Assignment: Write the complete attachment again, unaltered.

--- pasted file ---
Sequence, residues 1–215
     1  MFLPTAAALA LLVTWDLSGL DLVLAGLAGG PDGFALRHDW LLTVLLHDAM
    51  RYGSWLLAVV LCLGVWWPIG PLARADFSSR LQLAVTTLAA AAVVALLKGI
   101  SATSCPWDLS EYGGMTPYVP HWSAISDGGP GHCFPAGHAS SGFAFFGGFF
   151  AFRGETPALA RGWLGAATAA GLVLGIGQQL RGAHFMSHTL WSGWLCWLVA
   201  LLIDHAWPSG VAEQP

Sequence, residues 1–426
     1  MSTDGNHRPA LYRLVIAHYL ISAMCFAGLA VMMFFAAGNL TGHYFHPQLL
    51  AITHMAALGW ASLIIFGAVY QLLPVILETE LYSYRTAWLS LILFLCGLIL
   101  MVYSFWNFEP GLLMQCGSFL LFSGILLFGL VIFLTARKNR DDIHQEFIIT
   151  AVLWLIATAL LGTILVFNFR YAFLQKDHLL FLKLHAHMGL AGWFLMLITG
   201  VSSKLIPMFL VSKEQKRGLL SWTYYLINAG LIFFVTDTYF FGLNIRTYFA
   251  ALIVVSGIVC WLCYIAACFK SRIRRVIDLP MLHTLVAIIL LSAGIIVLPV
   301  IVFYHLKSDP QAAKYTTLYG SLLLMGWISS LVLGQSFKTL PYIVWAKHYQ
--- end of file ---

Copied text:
Sequence, residues 1–215
     1  MFLPTAAALA LLVTWDLSGL DLVLAGLAGG PDGFALRHDW LLTVLLHDAM
    51  RYGSWLLAVV LCLGVWWPIG PLARADFSSR LQLAVTTLAA AAVVALLKGI
   101  SATSCPWDLS EYGGMTPYVP HWSAISDGGP GHCFPAGHAS SGFAFFGGFF
   151  AFRGETPALA RGWLGAATAA GLVLGIGQQL RGAHFMSHTL WSGWLCWLVA
   201  LLIDHAWPSG VAEQP

Sequence, residues 1–426
     1  MSTDGNHRPA LYRLVIAHYL ISAMCFAGLA VMMFFAAGNL TGHYFHPQLL
    51  AITHMAALGW ASLIIFGAVY QLLPVILETE LYSYRTAWLS LILFLCGLIL
   101  MVYSFWNFEP GLLMQCGSFL LFSGILLFGL VIFLTARKNR DDIHQEFIIT
   151  AVLWLIATAL LGTILVFNFR YAFLQKDHLL FLKLHAHMGL AGWFLMLITG
   201  VSSKLIPMFL VSKEQKRGLL SWTYYLINAG LIFFVTDTYF FGLNIRTYFA
   251  ALIVVSGIVC WLCYIAACFK SRIRRVIDLP MLHTLVAIIL LSAGIIVLPV
   301  IVFYHLKSDP QAAKYTTLYG SLLLMGWISS LVLGQSFKTL PYIVWAKHYQ